The San Francisco Giants can’t do much of anything right as of late, dropping five straight contests to fall a season-high two games behind the Los Angeles Dodgers in the NL West. The orange and black have their sights set on October, but their chances of contending for their third World Series title in a span of five seasons are currently nonexistent.
General manager Brian Sabean remains reportedly active in trade talks across the league. The club’s priority is upgrading second base, where the Giants have succumbed to cellar-style production throughout the 2014 campaign. For the Giants to win the West, they need the impossible the happen across the diamond.
They need Angel Pagan to suddenly return healthy and match the type of production he was able to mount through the season’s first 63 games (.307/.356/.411). They need supposed-to-be ascending first baseman Brandon Belt to return to early season form, when he bashed nine home runs in his first 33 games of the year before spending extensive time on the disabled list with a broken thumb. The Giants also need former slugger — turned double-play maniac — Michael Morse to remember how to make solid contact. Morse has totaled a pathetic total of one home run and six RBIs since June 5 while racking up 16 double-play balls to rank third in the NL.
Barring an ill-advised blockbuster, things appear destined to get worse — not better — for the Giants. If the club’s core continues to resemble that of a decomposing corpse on a nightly basis, Sabean will have no reason to trade for another bat. In fact, it could become realistic for San Francisco to delve into preordained Pittsburgh territory: sellers-ville.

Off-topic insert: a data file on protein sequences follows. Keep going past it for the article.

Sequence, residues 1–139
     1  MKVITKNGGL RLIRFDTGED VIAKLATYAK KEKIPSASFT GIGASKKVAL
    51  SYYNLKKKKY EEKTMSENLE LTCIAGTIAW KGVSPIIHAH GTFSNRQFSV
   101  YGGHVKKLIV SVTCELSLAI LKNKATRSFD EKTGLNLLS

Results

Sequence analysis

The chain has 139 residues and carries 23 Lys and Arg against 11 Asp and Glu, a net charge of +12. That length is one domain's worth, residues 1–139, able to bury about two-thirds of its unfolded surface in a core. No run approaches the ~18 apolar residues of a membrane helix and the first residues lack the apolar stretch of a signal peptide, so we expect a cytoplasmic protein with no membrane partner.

Make no mistake: The Pirates are a solid team, regardless of early season struggles. Any team that boasts Andrew McCutchen is bound to become a winner, especially against teams like the Giants with zero chance of notching wins on nights where staff ace Madison Bumgarner coughs up five runs in the game’s first two innings. Then again, ‘Cutch did absolutely nothing of note in Pittsburgh’s win, but he also didn’t need to.
Entering Monday night, Bumgarner had allowed just six first-inning runs in 22 previous starts, but he allowed four runs before registering the first three outs against the Pirates. Pittsburgh was aided by the Giants’ defunct defense, but their first-inning run total matched the number San Francisco had plated in their previous three games.
The Giants are just two games out of the West lead whereas the Pirates continue to climb the ladder and share an equal deficit in the NL Central. The big difference: Both teams are headed in opposite directions. San Francisco hit rock bottom while Pittsburgh kept chugging along. The remaining two games of this series probably won’t be much different.